When I got out of nursing school, like many, I felt pretty prepared. I knew I still had a lot to learn, but with my drug book in hand and a few other little pocket books, I was ready to go. I read up on things, learned about new drugs, tackled ACLS and overcame my fears one day at a time. But, what I was grossly unprepared for was the art of nursing. Sure, school taught me how to calculate medications, do assessments and manage diseases – all the science stuff. But what it didn’t prepare me for was the sadness I would encounter, the deaths I would see and toll this would take on me. I hadn’t tapped into the art of nursing while I was conquering the science of nursing.
Ok… I have a confession to make. I have been a nurse for over 16+ years and have never worn compression stockings or nurse socks. Nope, not even through my pregnancies when everyone warned me that my legs would look like old oak trees from all the varicose veins I would acquire. You see, I hate socks and shoes. If I could go to work in flip flops – all would be perfect in the world. So, the thought of tight, ugly socks on my legs for over 12 hours gave me tachycardia. Like a stubborn nurse, I took the risk.
Well, the other day, I was starting to notice some some bad, ugly stuff showing up on my tired old legs. I started to realize, I think I should have worn those ugly compression socks… the oak trees are starting to sprout! I also had noticed my legs were swelling more at the end of my long shifts. Ok, being the good nurse that I am, I finally started to heed my own advice! The quest began…
Well, here I go again…. another highly contagious health scare hits the headlines and I find myself doing research. Yup, talking about measles this time.
No, I am not paranoid, but as a nurse, I feel its my obligation to stay abreast of current health care concerns – I find it even more important as a nursing instructor. So, I am sharing what I know with all of you!
Now, what’s the big deal about measles? Well, considering it was virtually eradicated in the US due to vigilant vaccination programs, most are not familiar with this highly contagious disease. In fact, in 2000 the CDC declared measles eradicated from the US. Unlike the flu, pneumonia or heart disease, we are just not familiar and need to re-educate ourselves on a disease we don’t deal with on a daily basis. (On a more personal note, I do not titer for measles, so that just makes my concern level a little higher…and personal!)
One of the biggest challenges nursing students face is the new style of testing. This is often the first time they face tests that consist of more than just recall, comprehension and fact retrieval. Exams now consist of higher level thinking to assess the assimilation of knowledge. In other words – you learned a bunch of stuff, now how would you apply it? Ultimately, this is what you will do as a nurse – applying all that knowledge in the hopes of helping patients. And lets cut to the chase, you need to pass the NCLEX exam to even get to that point. The purpose of the NCLEX exam is to ensure you have the basic knowledge to be a competent nurse who is safe to take care of the public.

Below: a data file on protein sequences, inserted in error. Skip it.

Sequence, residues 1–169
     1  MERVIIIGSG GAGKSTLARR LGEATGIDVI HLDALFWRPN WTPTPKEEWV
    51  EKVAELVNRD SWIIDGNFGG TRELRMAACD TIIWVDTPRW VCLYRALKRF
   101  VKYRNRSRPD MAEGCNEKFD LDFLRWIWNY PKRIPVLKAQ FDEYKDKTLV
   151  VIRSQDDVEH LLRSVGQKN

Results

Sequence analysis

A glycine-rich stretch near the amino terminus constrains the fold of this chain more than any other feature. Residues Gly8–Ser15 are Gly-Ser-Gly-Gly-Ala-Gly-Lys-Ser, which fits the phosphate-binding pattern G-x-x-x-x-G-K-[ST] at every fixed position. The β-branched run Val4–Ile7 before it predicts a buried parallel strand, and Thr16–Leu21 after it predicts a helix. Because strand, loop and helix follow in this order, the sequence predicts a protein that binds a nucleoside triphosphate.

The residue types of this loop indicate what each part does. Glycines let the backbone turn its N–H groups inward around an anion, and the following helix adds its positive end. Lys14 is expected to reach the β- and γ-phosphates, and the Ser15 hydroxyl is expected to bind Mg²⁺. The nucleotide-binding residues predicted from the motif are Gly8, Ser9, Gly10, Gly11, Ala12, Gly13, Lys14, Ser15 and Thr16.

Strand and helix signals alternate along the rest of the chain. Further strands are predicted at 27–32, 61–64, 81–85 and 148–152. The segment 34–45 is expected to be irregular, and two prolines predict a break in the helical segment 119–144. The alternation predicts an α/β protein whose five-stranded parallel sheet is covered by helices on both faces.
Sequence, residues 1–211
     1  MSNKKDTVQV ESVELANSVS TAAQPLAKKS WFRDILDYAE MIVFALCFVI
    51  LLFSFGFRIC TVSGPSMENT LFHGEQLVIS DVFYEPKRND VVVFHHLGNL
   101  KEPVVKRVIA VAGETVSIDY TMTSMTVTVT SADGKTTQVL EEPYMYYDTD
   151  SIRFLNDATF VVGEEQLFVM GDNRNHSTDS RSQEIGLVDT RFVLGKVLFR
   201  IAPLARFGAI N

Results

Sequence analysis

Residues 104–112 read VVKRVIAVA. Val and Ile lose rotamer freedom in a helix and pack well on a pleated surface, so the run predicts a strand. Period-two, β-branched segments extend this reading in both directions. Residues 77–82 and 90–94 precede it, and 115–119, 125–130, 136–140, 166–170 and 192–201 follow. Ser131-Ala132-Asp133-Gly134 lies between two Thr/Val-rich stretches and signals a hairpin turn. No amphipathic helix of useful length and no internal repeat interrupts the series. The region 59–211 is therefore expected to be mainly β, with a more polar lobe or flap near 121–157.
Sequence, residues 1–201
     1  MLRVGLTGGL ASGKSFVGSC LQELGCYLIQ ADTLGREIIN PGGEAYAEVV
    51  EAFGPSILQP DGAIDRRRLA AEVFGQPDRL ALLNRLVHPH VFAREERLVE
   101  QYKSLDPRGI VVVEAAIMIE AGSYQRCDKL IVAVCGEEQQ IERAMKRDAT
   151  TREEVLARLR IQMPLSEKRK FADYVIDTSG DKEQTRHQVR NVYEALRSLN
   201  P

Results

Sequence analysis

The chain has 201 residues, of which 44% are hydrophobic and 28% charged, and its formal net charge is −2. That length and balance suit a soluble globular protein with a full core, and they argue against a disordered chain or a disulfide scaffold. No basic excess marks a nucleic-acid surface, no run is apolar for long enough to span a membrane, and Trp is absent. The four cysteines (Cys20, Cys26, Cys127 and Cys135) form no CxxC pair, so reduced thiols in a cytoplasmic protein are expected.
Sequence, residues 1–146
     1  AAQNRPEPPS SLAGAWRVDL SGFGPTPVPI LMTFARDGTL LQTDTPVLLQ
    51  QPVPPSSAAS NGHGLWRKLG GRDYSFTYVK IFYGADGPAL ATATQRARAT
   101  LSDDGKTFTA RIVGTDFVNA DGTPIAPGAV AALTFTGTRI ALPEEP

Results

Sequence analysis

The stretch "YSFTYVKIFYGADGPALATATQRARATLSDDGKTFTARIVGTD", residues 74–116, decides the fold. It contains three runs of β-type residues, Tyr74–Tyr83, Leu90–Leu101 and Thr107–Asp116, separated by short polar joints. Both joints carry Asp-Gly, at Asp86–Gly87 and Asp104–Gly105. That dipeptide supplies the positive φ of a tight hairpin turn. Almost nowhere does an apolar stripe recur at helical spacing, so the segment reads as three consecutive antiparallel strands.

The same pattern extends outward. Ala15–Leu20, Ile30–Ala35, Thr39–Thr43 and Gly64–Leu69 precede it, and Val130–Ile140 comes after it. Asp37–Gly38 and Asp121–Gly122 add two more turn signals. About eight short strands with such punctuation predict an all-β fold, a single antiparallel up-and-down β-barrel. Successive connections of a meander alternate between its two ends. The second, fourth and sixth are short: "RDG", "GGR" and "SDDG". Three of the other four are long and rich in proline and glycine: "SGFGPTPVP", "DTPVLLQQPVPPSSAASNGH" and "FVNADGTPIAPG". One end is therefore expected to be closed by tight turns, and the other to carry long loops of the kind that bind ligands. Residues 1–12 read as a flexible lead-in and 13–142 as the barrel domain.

Each group of students I have the honor to work with, I ALWAYS advise them to get some test taking book to assist them in developing strategies to tackle their exams and especially the NCLEX exam. When I was studying for my boards years ago, I collected test books as I was advised that practice makes perfect. Sure, I read a lot of questions, but I did not have a good strategy in how to approach the questions. A few weeks before taking my board exam, a colleague lent me a test strategy book. It was revolutionary!! It gave clear instructions on how to analyze the questions and answers. I just kept thinking, ‘I wish I had these through nursing school!’ So, as I mentioned, I try to help my students out with that advice.
This past week I had the opportunity to do the renal lectures for our Med/Surg 1 students. They had just reviewed their first med/surg exam and lets say….happiness and joy was not abounding! So, I gave them my advise on finding a good test taking strategy book. And being the smart group of students they are, they wanted some titles. So, as promised, I told them I would put together a list of my suggestions – here you go!!
So you arrive on time to clinicals – good job! You are in dress code – awesome! You have all your supplies, a pen, your stethoscope – ready to go save some lives! You get up to the floor, find your patient assignment and BAM – you find out you have to work with “Nurse Ratchet” today! So what do you do? Run for the hills? Cry? – no, there’s no crying in nursing school (at least not in public)! Instead, you are going to figure out how to manage a challenging nurse!